What if Germany Won World War II? (Part 1)

Scholars and analysts have long wondered whether this represented one of the great “what-ifs” of World War II; could the Germans have kept.
Bevin Alexander

Why Hitler's grand plan during the second world war collapsed

How was the Second World War likely to end if the U. Who seemed to be winning the war before the U. Would the Allies have been able to prevail without U. During the months preceding the attack on Pearl Harbor, the war in Europe had essentially boiled down to a contest between the Axis Powers of Germany and Italy, and against them, the Soviet Union and Great Britain. Six months before Pearl Harbor, Germany had launched an invasion of the Soviet Union, its erstwhile ally.

Both had gambled on a war that was quick, with decisive victories that would win them significant territorial gains. It was hoped these early victories would force their stunned opponents to the negotiation table. Then Germany and Japan could secure favorable terms ensuring that they both emerged as new world powers. But neither Germany nor Japan could deliver a killer blow that would decisively end the conflict. As a result, the fighting all too quickly turned into what they least wanted: a long war of attrition. This was the kind of war that neither countries had planned for and, more importantly, a war they were unlikely to win.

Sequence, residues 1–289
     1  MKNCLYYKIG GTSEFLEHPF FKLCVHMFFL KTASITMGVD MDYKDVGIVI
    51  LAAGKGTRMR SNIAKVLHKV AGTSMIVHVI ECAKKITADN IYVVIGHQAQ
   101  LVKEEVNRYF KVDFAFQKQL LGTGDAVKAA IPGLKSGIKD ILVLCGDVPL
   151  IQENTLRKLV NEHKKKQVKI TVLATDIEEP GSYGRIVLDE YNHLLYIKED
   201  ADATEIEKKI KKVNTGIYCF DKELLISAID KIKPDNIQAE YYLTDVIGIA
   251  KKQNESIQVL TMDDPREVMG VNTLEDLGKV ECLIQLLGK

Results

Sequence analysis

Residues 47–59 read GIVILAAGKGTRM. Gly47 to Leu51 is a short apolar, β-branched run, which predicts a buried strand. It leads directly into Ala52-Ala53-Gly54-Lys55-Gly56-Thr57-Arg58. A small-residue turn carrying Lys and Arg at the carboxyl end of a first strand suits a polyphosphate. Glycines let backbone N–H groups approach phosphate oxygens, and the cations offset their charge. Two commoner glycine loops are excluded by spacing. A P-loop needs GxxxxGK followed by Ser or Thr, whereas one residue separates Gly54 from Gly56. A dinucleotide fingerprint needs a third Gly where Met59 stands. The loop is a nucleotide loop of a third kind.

Jeffrey Morris , Updated November 13, The Nazis had prepared for the war for years while the Allied countries had no idea what was going on. Adolf Hitler would never have begun a military campaign if it was doomed to fail and boomerang. Germany held four aces when the war began, but the costly decisions Hitler made along the way saw the German advantages metamorphose into disadvantages. The Nazis could have won the war if they had made these decisions differently.

Two years into the war, in September , German arms seemed to be carrying all before them.
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A hypothetical Axis victory in World War II has become a common concept of alternative history and counterfactual history. Numerous examples exist in several languages worldwide. The term Pax Germanica , Latin for " German peace", is sometimes used for this theoretical period, [3] by analogy to similar terms for peaceful historical periods. In some cases, this term is used for a hypothetical Imperial German victory in World War I as well, having a historical precedent in Latin texts referring to the Peace of Westphalia. The subject of Axis supremacy as a fictional dramatic device began in the English-speaking world before the start of World War II , with Katharine Burdekin 's novel Swastika Night coming out in Some have viewed the enduring interest in the "what-ifs" of an Axis-powers victory as the result of the resonance of related themes, for example, how ordinary individuals deal with the humiliation and anger of being dominated.